These shades throw light on the meaning of ‘future’

CMMN SWDN and Ace & Tate team up for a supersonic second collection.


When spring rolls onto the scene, you know it’s time to find your favourite sunglasses. And whether you rather wear your shades by day or at night, eyewear is the ultimate opportunity to solidify a personal fashion statement. Well, in comes the supersonic second collection by CMMN SWDN for Ace & Tate, which was first shown on the London Fashion Week runway last autumn and officially launched last week in CMMN’s intimate studio. Glamcult was on site to speak with charismatic designer duo Emma Hedlund and Saif Bakir—who met while studying at Central Saint Martins and the London College of Fashion, respectively, and previously worked for Wooyoungmi and Kanye West—discussing ’90s culture, contrasts and dressing with attitude. “When you think you know, you have no idea.”

First of all, congrats on the great new collection! After showing it on the runway last autumn, does it feel like you’re reintroducing the glasses today?

Emma: Yeah, it’s been over a year since we actually designed the glasses. It’s always exciting when you launch something because you tend to drain a project when you work on it. When you’re almost at the end, you want to move on and do something new. But when you actually launch it, you start seeing it from a different view.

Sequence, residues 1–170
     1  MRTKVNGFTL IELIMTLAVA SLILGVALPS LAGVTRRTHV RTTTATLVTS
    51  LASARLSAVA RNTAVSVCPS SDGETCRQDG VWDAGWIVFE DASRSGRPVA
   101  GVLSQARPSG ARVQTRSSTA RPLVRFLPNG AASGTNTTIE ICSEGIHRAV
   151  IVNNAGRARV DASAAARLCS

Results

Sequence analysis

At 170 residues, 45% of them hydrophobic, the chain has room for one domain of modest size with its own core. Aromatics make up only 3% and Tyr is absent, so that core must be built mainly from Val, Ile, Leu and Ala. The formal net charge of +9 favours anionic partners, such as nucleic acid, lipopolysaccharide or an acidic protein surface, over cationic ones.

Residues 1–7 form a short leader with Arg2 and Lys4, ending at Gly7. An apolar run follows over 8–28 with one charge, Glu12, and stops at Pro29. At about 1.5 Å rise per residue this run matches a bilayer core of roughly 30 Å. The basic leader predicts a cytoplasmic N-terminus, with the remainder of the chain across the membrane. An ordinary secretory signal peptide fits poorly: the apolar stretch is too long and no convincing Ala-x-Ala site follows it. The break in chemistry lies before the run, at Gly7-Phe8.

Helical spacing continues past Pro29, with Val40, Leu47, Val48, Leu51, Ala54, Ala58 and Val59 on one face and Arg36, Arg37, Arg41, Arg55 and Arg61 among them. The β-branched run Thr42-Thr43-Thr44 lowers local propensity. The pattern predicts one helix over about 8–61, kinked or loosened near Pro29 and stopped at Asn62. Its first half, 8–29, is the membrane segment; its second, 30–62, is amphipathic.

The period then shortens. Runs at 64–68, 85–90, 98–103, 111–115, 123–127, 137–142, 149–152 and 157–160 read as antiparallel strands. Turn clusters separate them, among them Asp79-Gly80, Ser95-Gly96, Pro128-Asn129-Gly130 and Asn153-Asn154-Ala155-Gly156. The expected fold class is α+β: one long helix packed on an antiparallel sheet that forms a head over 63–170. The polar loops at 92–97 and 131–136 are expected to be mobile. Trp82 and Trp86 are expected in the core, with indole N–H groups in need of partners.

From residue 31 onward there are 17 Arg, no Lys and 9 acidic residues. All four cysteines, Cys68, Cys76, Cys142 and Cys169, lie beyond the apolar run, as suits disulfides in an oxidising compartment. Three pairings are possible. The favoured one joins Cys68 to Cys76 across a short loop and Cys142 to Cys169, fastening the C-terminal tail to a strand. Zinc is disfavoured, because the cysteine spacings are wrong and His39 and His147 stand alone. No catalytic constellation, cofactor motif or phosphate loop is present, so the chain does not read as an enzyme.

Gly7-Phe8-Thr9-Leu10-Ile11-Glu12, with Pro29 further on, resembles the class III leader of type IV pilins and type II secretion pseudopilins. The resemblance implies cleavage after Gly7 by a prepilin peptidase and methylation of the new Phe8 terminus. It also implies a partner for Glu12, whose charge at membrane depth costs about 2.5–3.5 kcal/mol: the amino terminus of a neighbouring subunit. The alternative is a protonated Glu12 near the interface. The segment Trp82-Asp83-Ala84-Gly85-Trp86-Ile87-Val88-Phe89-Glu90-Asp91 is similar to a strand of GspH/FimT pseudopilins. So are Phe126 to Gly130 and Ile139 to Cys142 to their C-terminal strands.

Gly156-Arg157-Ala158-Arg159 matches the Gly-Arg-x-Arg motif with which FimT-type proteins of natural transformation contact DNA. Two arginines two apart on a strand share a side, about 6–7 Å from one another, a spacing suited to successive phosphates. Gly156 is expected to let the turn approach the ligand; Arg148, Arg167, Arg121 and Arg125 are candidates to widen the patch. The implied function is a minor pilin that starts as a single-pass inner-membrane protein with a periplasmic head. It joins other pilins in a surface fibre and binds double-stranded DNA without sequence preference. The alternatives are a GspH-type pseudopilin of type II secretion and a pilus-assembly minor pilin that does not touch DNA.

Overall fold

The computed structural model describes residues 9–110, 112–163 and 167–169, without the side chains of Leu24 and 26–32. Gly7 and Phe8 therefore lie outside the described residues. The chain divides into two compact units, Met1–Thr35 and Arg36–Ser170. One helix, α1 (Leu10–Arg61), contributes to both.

Saif: You fall in love with it all over again—it’s like meeting an old ex years later… [Laughs]

Let’s go back to the previous collection for Ace & Tate, which contained my favourite festival shades. How did you go from that collection to this one?

Saif: That’s what they were designed for! This new collection is really an extension of the first season. Season one was all about this retro-futuristic idea, and we were inspired by movies like Blade Runner and The Matrix. The movies we grew up with that portrayed the future. I remember seeing The Matrix when it first came out in… 1999? It was weird because it was so advanced. It had such an impact on us when it came out, and the same thing goes for Blade Runner. For us it was about designing an idea of the future, and now we’re living in that future. So, season two was all about looking at past ideas of the future and what that would look like today. Taking references from, obviously, postmodernism; they were designing objects they believed were so hypermodern—but when we look at them today they actually feel dated! At the time people thought this is what we’re going to look like in 2020. But our notion or idea of what is futuristic has completely changed.

Emma: We were both teenagers in the ’90s, so we brought this referencing back to our own views in both collections.

Did you design this eyewear collection to go with the CMMN garments for S/S19 or are they standalone pieces?

Emma: We wanted them to be a contrast. Our brand is very much about contrasting elements so it’s always soft versus hard, glossy versus matte, et cetera. The collection was very tactile and a lot of the garments were actually upcycled. We wanted the eyewear to really contrast that.